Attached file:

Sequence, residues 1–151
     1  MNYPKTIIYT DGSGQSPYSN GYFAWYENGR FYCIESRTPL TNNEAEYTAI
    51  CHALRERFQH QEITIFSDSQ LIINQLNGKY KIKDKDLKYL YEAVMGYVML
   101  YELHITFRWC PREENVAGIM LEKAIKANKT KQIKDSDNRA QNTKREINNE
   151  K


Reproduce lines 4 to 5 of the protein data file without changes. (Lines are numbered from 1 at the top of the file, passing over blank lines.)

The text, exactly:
   101  YELHITFRWC PREENVAGIM LEKAIKANKT KQIKDSDNRA QNTKREINNE
   151  K